So far as I am aware, this basic concept was first expressed in a manner similar to this by Abraham Kuyper.
God established three societal institutions: family, church, and state. Each of these three institutions have sovereignty (under God) over their own sphere (or jurisdiction). They inevitably overlap, but if the leaders of one sphere attempt to exert authority over another sphere, that is tyranny. As I read it, the 1st Amendment says nothing more than that the State has no jurisdiction over the Church. In matters of civil government the Church must heed the State’s authority, and in matters of religion the State must heed the Church’s authority.
Legislation is the act of applying a morality to governmental issues. Morality is the application of a god’s character to human affairs. How God’s character applies to matters of state is somewhat different than how God’s character applies to matters of religion and family. All law is contextual and cannot be discerned correctly if torn from the situation of its application.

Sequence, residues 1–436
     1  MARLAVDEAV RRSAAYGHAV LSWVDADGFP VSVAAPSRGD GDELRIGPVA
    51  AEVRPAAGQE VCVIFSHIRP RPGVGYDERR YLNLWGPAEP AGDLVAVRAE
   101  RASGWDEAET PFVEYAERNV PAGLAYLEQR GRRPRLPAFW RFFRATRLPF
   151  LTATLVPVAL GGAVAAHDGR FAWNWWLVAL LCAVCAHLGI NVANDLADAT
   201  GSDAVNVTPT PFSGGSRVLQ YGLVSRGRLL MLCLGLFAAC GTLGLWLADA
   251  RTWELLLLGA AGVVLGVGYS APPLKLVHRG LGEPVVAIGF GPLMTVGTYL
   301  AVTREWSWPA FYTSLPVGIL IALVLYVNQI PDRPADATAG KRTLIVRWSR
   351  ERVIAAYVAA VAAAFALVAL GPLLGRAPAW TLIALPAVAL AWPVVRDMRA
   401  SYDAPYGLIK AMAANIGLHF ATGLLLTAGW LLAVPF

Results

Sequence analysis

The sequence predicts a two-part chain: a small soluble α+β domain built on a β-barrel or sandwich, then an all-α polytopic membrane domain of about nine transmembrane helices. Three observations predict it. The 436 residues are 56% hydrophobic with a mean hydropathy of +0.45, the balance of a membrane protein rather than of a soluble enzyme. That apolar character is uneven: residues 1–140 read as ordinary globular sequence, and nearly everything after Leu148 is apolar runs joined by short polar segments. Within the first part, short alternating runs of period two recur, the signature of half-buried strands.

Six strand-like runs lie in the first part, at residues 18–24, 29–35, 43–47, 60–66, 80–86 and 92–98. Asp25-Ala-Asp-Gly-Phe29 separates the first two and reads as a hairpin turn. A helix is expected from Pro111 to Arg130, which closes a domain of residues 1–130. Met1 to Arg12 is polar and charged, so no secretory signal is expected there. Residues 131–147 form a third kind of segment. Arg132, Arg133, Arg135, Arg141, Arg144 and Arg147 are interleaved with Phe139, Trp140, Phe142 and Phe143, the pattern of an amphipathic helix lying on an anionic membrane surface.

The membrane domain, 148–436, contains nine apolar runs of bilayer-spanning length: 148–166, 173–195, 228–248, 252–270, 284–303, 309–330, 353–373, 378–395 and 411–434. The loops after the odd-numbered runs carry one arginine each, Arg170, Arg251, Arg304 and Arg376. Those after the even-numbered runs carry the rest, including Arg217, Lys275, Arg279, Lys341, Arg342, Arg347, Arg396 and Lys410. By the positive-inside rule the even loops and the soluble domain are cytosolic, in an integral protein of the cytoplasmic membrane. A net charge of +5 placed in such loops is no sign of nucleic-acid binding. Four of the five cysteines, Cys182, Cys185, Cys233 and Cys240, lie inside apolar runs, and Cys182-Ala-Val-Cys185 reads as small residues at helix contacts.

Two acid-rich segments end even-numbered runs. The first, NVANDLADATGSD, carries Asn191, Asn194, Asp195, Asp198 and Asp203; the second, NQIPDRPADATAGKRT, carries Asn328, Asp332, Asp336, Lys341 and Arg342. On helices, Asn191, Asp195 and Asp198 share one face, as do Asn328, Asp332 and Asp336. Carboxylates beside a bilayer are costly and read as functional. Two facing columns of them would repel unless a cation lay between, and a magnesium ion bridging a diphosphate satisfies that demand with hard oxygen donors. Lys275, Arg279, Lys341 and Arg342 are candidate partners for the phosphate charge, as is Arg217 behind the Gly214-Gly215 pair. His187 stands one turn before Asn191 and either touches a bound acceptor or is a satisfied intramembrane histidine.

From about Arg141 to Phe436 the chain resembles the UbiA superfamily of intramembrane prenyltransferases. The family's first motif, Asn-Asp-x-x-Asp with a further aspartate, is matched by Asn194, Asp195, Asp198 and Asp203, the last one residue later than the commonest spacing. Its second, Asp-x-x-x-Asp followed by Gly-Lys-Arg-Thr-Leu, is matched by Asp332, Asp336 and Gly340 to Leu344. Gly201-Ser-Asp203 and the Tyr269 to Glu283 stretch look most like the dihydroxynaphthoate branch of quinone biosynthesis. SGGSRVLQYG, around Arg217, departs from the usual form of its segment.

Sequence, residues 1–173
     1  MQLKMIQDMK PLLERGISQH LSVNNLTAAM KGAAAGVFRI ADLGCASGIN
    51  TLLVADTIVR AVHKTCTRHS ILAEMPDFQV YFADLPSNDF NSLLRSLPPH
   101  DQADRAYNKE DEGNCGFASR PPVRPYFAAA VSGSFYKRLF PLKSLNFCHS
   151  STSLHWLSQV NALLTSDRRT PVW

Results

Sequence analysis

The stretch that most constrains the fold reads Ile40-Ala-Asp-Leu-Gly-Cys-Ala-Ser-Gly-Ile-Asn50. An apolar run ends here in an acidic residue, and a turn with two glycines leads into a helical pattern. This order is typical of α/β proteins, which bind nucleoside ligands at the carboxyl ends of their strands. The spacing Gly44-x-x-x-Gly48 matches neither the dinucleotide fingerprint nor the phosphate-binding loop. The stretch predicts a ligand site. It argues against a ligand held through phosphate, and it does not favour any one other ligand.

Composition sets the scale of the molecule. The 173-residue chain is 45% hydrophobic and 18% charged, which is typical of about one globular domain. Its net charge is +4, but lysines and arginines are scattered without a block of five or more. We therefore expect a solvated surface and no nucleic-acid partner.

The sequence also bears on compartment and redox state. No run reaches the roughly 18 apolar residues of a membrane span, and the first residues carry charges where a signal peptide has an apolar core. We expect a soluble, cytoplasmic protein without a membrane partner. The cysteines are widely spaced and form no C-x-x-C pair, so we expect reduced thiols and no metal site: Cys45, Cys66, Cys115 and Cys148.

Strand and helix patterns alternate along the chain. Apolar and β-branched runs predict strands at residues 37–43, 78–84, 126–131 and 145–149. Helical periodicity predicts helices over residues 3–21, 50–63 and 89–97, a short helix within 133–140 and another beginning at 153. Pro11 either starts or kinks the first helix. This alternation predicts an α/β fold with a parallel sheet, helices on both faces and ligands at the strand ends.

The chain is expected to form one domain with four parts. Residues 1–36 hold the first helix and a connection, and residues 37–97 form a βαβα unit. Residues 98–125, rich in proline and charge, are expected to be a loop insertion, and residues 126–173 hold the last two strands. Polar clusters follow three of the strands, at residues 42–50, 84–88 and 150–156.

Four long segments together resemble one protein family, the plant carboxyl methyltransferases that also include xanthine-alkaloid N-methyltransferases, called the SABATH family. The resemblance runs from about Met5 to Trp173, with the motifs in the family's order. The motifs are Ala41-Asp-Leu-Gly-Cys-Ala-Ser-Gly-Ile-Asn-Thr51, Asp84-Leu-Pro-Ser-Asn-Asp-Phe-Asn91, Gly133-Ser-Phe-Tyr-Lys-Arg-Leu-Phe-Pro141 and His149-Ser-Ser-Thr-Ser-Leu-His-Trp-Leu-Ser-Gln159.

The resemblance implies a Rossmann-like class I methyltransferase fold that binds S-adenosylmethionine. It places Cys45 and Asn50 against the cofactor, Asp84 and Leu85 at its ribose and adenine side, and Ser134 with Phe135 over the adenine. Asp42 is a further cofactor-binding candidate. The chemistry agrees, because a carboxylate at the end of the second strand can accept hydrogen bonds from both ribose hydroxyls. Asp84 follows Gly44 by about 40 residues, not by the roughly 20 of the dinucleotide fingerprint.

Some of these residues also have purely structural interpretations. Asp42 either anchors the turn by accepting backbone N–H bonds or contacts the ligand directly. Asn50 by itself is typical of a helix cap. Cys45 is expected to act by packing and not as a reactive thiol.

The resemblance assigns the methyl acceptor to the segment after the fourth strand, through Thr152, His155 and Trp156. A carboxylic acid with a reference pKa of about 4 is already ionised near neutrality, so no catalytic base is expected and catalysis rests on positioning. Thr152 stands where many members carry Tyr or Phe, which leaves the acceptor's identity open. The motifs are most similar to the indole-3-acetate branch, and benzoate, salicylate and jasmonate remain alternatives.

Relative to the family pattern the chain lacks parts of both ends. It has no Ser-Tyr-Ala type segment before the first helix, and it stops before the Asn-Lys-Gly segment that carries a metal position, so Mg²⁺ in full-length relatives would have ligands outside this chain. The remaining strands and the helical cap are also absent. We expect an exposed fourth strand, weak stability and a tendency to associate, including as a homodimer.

If a YHWH-worshiper sacrificed to an idol this was worthy of the death penalty (“church sphere”); if a Moabite did so the same did not apply. If the Moabite became a sojourner with Israel, however, in that case, “For the [religious] assembly”, there shall be one statute for you and for the stranger who sojourns with you….” (Numbers 15:15)
Now, in the scope of time, God will hold the “Moabite” responsible for not worshiping Him, but that is God’s prerogative, not ours.
How do we know this was relative to the religious assembly? Context. The entire chapter is about worship regulations, and the immediately preceding sentence says, “And if a stranger is sojourning with you, or anyone is living permanently among you, and he wishes to offer a food offering, with a pleasing aroma to the Lord, he shall do as you do.”
So Ruth the Moabitess was constrained by this passage, but her sister, Orpah, was not.
One thought on “Sphere Sovereignty and Contextual Application”
This was helpful, especially your diagram. It clarifies their distinctive roles upon culture specifically.